./cable1 name group1 group2
./cable1 obama republican democrat ./cable1 nixon republican democrat ./cable1 bush republican democrat ./cable1 kennedy republican democrat ./cable1 lincoln republican democrat
Partisan may be defined as a strong supporter of a cause, party or person. We need not limit ourselves to the two major political parties in the US today.
Let us consider:
./cable1 Cooper Mac PC
Simon works for Apple, so would would expect Mac. :-) Landon is a long time Mac user:
./cable1 Noll Mac PC
That works too!. Now Leo brings PCs to the IOCCC judging for cross-platform testing:
./cable1 Broukhis Mac PC
We can test other people. The late Steve Jobs:
./cable1 Jobs Mac PC
That works! How about Bill?
./cable1 Gates Mac PC
A PC guy as expected. What about that other Steve?
./cable1 Ballmer Mac PC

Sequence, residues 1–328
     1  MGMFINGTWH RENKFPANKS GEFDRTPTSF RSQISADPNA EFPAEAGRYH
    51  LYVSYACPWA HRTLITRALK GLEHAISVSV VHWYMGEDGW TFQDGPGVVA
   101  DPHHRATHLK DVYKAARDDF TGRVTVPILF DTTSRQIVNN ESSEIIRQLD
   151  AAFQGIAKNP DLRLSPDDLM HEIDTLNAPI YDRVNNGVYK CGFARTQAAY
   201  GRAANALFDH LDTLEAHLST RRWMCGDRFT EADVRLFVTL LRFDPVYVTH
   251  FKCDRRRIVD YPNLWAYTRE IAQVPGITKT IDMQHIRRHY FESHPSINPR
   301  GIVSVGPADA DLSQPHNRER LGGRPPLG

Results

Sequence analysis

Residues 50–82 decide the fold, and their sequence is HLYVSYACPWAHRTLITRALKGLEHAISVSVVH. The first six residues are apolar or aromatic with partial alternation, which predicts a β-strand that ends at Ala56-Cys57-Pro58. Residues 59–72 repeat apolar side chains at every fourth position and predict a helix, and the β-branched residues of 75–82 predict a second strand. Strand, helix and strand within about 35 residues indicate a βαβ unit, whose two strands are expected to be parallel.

Humm .. maybe there is a hidden reason he is leaving the late Micro$oft? :-) Why late? See this tweet.
So how does a one line C source know so much? Hint: it doesn’t.
Politics is full of memorable one-liners. Without wishing to misunderestimate the taste of the judges, nor prejudge the past, the author hopes you enjoy this contribution to the genre.
This one-line C program accepts as a first command-line argument the last name of any of the last 31 US Presidents (from Franklin Pierce onwards), in lower case, and prints out their political affiliation.
Use “republican” as the 2nd command-line argument, and “democrat” as the 3rd (or equivalent strings of your choice).
clang warns about a missing type specifier for main, and that implicit function declarations are invalid in C99 (but still accepts them).
© Copyright 1984-2015,
Leo Broukhis, Simon Cooper, Landon Curt Noll
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